MKTG Insights: Brand Bravery In Cause Sponsorship
It is a lesson taught to us as young children on the playground. It is a lesson that is reinforced to us as we learn about the great leaders throughout history who took bold but unpopular stances. And it is a lesson that is applied by some of the leading brands in our society as they develop and execute cause sponsorship programming.
In today’s cause sponsorship landscape, there is a consolidation of activity centered around large buckets of issues: youth, environment, and community causes, among others. These issues are all noble, they matter to Canadians and they are all worthy of investment in their own right. They are also safe – they have mainstream awareness and in many respects come with a consumer expectation for corporate support.
However, when it comes to CSR activity that brings attention to under-served or “taboo” causes that have lower levels of awareness, or bring with it greater levels of uncertainty, brand bravery is often required. It takes conviction from corporate sponsors to tackle an issue that can be sensitive or misunderstood. But for those bold enough to drive consumer attitudes versus react to them, there can be great opportunity. In Canada, Bell and their investment in mental health has provided a case study based on this insight:
Bell Let’s Talk: Canadian Telecom brand Bell launched their best-in-class cause program “Bell Let’s Talk” in 2010, which seeks to remove the stigma associated with mental health in Canada. Prior to Bell’s program, no national brand had built a major pillar surrounding mental health despite the fact that mood and anxiety disorders impacted an estimated 22% of the Canadian population. The brand’s emphasis on mental health represented uncharted territory but has brought significant awareness and funding to mental health organizations in Canada. While mental health is not a “controversial” issue, it is a highly nuanced and sensitive issue that wasn’t an easy subject to discuss. Historically, it was an under-served cause in terms of corporate support, often taking a backseat to other health related causes or illnesses that are physical and therefore more tangibly understood.
Consumer Attitudes: “The Brand is a Leader”
MKTG conducted proprietary market research leveraging Google Consumer Surveys in order to further understand attitudes toward brands that intervene on under-served / taboo issues. Consumers were asked:
How would you describe brands who create marketing campaigns that focus on taboo or under-served issues in our society (ie: Bell Let’s Talk and Mental Health)?
While there is no breakthrough consensus on perceived brand attributes, the leading response among Canadians was that they view brands who build marketing programs based on taboo or under-served issues as leaders. The notion of brands becoming a driving force behind taking an issue from taboo to mainstream, rather than waiting for public opinion to signal a state of readiness is a behavior highly associated with leadership.
Real Canadians living in real Canadian communities face real issues – brands who insert themselves into the conversation can appear real too, relatable and human. Being perceived as a leader by consumers is a much desired brand attribute. We trust leaders. And trust between a brand and a consumer is among the most powerful dynamics you can have.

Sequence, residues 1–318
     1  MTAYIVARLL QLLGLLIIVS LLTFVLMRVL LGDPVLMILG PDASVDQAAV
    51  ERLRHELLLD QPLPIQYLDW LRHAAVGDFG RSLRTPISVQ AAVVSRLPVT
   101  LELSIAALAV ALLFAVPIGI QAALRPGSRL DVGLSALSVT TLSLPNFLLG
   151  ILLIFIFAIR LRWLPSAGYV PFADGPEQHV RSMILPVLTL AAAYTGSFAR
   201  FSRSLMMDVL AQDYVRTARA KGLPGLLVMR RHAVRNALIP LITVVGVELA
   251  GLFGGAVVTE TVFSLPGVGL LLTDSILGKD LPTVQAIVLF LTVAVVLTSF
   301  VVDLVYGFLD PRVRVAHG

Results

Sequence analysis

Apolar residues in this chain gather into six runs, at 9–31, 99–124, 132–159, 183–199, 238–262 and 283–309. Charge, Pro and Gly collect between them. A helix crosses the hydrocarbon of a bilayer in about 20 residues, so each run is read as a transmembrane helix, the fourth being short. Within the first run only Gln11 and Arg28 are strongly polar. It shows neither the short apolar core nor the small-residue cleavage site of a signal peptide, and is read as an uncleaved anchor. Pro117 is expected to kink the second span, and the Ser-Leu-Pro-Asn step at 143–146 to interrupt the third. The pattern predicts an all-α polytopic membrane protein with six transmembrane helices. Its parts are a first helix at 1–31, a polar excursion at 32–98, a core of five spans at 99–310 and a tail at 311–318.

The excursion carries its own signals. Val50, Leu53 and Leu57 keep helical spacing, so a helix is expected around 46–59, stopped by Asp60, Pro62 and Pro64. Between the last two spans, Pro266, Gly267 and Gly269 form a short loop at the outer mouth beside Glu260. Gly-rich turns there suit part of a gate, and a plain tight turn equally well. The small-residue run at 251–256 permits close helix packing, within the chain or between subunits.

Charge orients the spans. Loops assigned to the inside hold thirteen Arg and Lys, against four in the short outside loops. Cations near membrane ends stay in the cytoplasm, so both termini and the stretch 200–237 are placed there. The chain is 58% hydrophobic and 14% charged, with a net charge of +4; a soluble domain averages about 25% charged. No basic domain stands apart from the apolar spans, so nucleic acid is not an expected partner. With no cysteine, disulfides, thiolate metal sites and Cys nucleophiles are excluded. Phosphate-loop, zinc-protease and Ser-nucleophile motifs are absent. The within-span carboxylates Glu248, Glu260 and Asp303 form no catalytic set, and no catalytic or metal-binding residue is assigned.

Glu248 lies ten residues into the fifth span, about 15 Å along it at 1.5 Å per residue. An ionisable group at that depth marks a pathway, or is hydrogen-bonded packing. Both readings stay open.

Not all consumers will bring the same level of appreciation for brand intervention on a taboo or under-served issues. Research indicated that 21% of Canadians perceive this type of activity to be self-serving. There will always be some degree of cynicism regarding CSR activity. Sponsors invested in cause can hedge against this risk by ensuring that their presence is:
- Authentic: Strategically aligned to the category, business, and brand. No organization or cause is created equal. Bell activated against the idea of breaking stigma though “communication”, which is core to a telecom’s positioning.
- Calculated: Acting boldly / bravely does not mean acting in the absence of research. Sponsors must always due their due diligence.
-Actionable: Follows-up on PR and paid advertising storytelling with meaningful impact (financial or otherwise) for the cause.
Finding the Next Taboo / Underserved Causes For Canadian Sponsors:
Who will be the next Bell? What will be the next Mental Health or #LetsTalk? It is a question debated by the modern-day sponsorship marketer. There are no shortage of worthy causes for brands to support and amplify. In sponsorship, brands are often reactive on when they choose to join a debate. Many times it is in response to a property-level scandal due to public pressure, such as the stance taken by NFL sponsors in the wake of last September’s Domestic Violence scandal. However, building out a proactive program represents its own set of challenges, specifically when dealing with sensitive subject matter.
MKTG asked Canadians to indicate their feelings on the idea of a brand building a cause marketing campaign around their support for a number of “taboo” societal issues, with list including:
– Domestic violence
– Sexual Health
– Drug & Alcohol Abuse
– Gun Control
Half of Canadians felt that all of these issues should be off-limits to corporate sponsors, with the leading vote-getting cause receiving a quarter of the sample size’s support (Domestic Violence at 25%). Controversy for the sake of controversy is not good sponsorship strategy. While an issue may represent a white space opportunity for a sponsor and be ownable territory, it doesn’t mean it is worth pursuing.
Just like we learned through playground lessons, and historical figures in our textbooks, cause marketing is many times not just about the bravery to pursue a cause, but the discipline to not pursue it at all.